A picture of repentance. Luke- Week 15- Day 1

(11)  And he said, A certain man had two sons:  (12)  And the younger of them said to his father, Father, give me the portion of goods that falleth to me. And he divided unto them his living.  (13)  And not many days after the younger son gathered all together, and took his journey into a far country, and there wasted his substance with riotous living.  (14)  And when he had spent all, there arose a mighty famine in that land; and he began to be in want.

(15)  And he went and joined himself to a citizen of that country; and he sent him into his fields to feed swine.  (16)  And he would fain have filled his belly with the husks that the swine did eat: and no man gave unto him.

(17)  And when he came to himself, he said, How many hired servants of my father’s have bread enough and to spare, and I perish with hunger!

(18)  I will arise and go to my father, and will say unto him, Father, I have sinned against heaven, and before thee, (19)  And am no more worthy to be called thy son: make me as one of thy hired servants.

(20)  And he arose, and came to his father.

Luke 15:11-20a

Explanation:

In today’s text we are going to focus on the first of three characters in the parable.  The first son, known as the prodigal son, shows us a picture of what repentance looks like.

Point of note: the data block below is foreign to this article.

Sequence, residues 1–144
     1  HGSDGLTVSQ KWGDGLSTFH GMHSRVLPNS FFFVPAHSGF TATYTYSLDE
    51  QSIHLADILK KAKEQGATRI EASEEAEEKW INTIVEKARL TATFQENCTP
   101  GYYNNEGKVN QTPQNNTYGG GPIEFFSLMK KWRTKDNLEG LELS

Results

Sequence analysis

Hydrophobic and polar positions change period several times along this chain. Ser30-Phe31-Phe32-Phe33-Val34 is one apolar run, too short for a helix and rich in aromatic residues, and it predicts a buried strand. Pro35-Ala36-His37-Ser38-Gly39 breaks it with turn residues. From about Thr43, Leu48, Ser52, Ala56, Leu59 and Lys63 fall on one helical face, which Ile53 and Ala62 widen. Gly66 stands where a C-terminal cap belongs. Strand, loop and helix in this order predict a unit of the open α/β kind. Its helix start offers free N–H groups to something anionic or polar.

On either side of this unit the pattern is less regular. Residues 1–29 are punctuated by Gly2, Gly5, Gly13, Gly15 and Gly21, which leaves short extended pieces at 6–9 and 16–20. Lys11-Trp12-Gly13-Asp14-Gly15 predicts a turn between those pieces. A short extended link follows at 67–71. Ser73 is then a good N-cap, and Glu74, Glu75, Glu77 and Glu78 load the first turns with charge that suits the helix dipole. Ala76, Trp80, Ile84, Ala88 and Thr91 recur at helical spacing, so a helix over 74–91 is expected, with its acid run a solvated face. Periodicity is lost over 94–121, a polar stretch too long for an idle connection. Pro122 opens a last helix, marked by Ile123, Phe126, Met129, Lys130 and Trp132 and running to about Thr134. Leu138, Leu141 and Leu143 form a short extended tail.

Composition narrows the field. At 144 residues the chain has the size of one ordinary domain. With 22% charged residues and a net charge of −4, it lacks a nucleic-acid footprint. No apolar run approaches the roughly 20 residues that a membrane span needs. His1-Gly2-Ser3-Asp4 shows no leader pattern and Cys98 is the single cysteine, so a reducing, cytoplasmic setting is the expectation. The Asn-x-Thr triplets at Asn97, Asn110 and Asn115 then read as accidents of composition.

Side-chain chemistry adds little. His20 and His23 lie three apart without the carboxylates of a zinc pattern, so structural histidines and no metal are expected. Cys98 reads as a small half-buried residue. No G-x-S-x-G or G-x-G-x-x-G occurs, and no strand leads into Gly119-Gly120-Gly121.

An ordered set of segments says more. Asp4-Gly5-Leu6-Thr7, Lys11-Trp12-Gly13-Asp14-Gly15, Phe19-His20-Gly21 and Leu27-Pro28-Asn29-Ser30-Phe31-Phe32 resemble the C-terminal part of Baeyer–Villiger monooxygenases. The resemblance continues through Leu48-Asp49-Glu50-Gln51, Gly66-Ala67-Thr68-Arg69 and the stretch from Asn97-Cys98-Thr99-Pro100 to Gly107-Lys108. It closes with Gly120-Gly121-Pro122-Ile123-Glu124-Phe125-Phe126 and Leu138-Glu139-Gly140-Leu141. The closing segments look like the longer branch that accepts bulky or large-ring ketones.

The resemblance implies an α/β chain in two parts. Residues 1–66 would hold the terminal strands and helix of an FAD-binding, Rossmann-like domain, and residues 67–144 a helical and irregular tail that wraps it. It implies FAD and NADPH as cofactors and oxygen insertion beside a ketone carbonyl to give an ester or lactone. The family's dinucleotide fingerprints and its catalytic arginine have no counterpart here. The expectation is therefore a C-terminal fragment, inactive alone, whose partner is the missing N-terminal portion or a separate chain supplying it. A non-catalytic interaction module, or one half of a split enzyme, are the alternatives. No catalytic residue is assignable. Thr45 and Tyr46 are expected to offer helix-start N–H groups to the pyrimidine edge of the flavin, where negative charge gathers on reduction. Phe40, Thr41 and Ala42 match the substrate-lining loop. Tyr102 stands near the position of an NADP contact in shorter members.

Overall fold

(12)  And the younger of them said to his father, Father, give me the portion of goods that falleth to me. And he divided unto them his living.

Many have made the observation that in a Jewish context this would have been the utmost dishonor.  Asking the Father to give Him his inheritance would be akin to wishing He was dead.  Even in our context that would be a dishonorable thing.  Yet the Father went along with the request.

(13)  And not many days after the younger son gathered all together, and took his journey into a far country, and there wasted his substance with riotous living.

He uses His dad’s inheritance to live a life that was completely opposed to the Fathers values.  He was bringing shame to His Father’s name.  For the Jewish listener, the fact that He was going into gentile lands to live like the worst of the gentiles was highly dishonorable to His parents. To waste the inheritance showed that the son did not respect what it took for His Father to acquire what He had.  Thus the inheritance was “wasted” on “riotous living”.

The word “wasted” in the original language has the idea of scattering. It is the picture of irresponsibly throwing goods and objects of value away.

We all have a good idea on what “riotous living” means.  Not much has changed over time.  He spent his money on food, drink, drugs, promiscuous sex, ungodly entertainment, and other sinful pursuits.  This was the worst kind of living.  We know that in the end he had nothing of value to show for it.

(14)  And when he had spent all, there arose a mighty famine in that land; and he began to be in want.

He probably made plans to figure out how he would be ok financially, and yet, the unexpected happened.  There was a famine.  The economy changed, and he was out of money.  He had spent in a short time what it took his dad’s lifetime to achieve.